Why Castle Ravenloft?

CastleRavenloft-ReviewWhy Castle Ravenloft?
It’s a question we never answered after years in the collection.  I take a little time to think, ponder, and review this board game from the Dungeons and Dragons franchise.

Why did I buy it?
A big fan of D&D role playing from the 1st edition generation, I wanted to get back into the genre.  Knowing that endless nights of dungeon mastering and map-making was out of reach in my adulthood, I turned to the next best thing.  With the Dungeons & Dragons nameplate, artwork, and an AI system, it looked promising giving at least a taste of yesteryear.

Describe the game, thematically
You’re one of five heroes, of D&D lore, exploring the castle dungeon of Count Strahd von Zarovich.  With many challenges to choose from, your party explores the twisted dungeon passageways while fighting off monsters and surviving one deadly encounter after another.   Between monsters, spirits, traps, and villains, we experience the excitement of Dungeons and Dragons!

Describe the game, mechanically
It’s an easy to understand, yet rigid system.  You move and fight monsters, explore new tiles, get hit with a random encounter, and monsters fight you.  You keep repeating watching your health dwindle hoping you’ll finish before its too late.

How close is it to the role playing game?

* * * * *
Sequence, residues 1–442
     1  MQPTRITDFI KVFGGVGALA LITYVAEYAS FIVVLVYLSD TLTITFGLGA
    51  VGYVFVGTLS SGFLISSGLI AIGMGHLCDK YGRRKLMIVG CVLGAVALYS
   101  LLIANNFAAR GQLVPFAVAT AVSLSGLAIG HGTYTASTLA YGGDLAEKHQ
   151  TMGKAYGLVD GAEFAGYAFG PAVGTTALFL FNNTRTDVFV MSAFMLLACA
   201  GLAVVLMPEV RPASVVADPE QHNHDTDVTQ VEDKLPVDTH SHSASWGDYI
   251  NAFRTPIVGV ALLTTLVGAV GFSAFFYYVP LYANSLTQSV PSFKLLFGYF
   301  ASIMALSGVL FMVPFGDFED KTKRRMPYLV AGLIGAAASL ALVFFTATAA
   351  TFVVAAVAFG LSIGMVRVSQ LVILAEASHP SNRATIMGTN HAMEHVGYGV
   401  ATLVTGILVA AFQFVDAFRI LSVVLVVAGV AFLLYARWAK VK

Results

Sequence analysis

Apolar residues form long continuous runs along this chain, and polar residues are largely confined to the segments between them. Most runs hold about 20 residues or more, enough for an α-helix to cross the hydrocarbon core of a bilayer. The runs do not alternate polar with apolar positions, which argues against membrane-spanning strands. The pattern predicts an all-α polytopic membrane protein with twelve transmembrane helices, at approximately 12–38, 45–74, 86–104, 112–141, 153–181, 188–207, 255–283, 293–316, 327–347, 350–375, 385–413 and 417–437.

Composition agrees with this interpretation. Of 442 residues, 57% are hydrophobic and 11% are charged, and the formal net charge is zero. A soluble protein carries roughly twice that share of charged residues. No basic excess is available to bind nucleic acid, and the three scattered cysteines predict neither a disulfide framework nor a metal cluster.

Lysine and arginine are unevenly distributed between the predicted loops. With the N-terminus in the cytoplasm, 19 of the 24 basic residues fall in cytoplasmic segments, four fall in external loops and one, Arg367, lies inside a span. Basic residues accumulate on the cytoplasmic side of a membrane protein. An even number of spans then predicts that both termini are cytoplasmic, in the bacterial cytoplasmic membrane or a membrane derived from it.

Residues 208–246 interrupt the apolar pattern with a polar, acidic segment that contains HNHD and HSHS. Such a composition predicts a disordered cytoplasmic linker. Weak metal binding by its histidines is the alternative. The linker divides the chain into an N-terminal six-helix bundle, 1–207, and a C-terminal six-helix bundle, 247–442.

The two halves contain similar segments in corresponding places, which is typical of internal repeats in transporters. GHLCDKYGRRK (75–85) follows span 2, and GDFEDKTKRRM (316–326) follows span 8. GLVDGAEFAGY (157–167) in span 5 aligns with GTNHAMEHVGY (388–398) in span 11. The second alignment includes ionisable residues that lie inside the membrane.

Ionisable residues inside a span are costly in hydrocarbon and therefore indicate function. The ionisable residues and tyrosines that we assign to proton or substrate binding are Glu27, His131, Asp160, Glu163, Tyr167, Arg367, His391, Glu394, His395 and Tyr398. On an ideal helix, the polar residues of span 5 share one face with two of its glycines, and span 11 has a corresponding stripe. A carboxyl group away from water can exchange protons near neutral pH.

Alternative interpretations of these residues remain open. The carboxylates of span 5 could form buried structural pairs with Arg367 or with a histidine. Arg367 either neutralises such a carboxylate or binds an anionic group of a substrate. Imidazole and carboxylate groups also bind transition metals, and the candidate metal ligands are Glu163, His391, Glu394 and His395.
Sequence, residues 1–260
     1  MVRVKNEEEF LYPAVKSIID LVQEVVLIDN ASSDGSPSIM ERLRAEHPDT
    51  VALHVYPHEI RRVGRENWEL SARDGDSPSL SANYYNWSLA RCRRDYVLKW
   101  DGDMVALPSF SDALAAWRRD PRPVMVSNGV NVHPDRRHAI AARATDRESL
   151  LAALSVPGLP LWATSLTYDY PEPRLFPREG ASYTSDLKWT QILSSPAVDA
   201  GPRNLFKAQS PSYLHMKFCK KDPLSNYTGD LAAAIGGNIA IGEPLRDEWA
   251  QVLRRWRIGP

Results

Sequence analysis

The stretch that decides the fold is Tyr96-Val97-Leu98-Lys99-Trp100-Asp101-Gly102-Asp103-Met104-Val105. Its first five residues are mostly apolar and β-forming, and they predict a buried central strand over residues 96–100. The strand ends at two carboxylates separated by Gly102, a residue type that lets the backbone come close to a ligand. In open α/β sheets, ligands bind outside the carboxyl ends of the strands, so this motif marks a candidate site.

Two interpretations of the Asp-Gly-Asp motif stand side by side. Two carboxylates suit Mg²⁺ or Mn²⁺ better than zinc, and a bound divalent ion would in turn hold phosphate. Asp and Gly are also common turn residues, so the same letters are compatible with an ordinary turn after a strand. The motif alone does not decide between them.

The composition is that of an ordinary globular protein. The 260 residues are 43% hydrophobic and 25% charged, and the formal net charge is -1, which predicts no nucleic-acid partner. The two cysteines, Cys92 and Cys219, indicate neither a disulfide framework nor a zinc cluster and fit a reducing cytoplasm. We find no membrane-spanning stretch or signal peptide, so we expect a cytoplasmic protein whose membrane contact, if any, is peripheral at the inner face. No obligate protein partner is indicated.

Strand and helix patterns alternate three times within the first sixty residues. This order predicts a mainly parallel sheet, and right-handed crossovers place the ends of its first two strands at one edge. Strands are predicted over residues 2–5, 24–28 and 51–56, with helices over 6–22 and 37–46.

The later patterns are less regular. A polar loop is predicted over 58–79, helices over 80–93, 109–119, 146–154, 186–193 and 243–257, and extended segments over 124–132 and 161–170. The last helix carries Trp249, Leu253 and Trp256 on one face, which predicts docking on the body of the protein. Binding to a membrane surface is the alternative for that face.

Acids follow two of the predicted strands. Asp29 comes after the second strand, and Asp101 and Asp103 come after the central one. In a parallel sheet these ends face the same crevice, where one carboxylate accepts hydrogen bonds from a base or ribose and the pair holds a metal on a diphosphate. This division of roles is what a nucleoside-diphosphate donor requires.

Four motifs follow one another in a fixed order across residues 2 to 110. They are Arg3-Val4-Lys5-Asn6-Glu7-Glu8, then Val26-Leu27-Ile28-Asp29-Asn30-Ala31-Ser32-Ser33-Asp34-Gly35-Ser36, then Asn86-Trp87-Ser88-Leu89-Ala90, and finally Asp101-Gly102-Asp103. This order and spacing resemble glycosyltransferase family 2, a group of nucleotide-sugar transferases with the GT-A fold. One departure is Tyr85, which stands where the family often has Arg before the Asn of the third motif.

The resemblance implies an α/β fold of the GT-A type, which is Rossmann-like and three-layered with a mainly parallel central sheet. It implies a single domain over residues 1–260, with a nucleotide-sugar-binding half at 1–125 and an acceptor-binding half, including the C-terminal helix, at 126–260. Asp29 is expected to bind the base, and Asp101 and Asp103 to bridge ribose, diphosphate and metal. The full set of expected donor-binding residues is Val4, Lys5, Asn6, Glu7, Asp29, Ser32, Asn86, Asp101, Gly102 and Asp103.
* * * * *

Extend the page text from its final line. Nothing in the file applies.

You’ll have to use your imagination, a lot, to get somewhere but nowhere near the feel of a human-led dungeon mastery.  There are preludes to read when you start and finish your adventure.  You get to roll a 20-sided die, and if lucky, level up once.  While there is randomness, you can anticipate the end.  The open-ended strategy is not to be found in a box of finite parts.  You and your heroes will invest too much time trying to weather the mechanics; choosing or not to explore versus surviving the next encounter card.

What’s the best part of the game?
What you have when opening the box is a tool set.  If you had the time and were so inclined, you could make your own adventure with the many tokens, pieces, and roundels.

The game scales well.  Most adventures are geared with 2 to 5 heroes, but a solo quest is available too.  The mechanics, as predictable as they are, works well with multiple players.

What’s the worst part of the game?
The rule book.  The overly terse book tried to save money on ink and paper and left many players confused.  However, with sequel’s FAQs, and forums on boardgamegeek.com, it’s not as bad.    There are number of issues that needed clarification or, at least, consensus.

That’s not what I meant.  What’s the worst part about playing the game?
For its first edition of D&D, the game is considered stingy with its treasure items.  There is little to cheer.  Furthermore, the encounter cards are brutal!  They can be divided into bad, worse, and catastrophic.  You’ll have to look hard to find a random encounter that doesn’t equate into pain.

Enough! Is it fun?
Yes, provided you have the imagination to make it so.  You have to get into the flavor text and put heart choosing your power cards.  Having fun with the few opportunities to customize your character, is essential.  Otherwise, its just turn after turn to see how fast you can be bruised.

Replay value?
High.  Considering there are four sets (at the time of this posting), and each differs from the prior, its nice to go back to the origin.   The heroes here have not the extraordinary powers later versions have.  It’s a simpler game without many of the experimental mechanics trying to add more variety.


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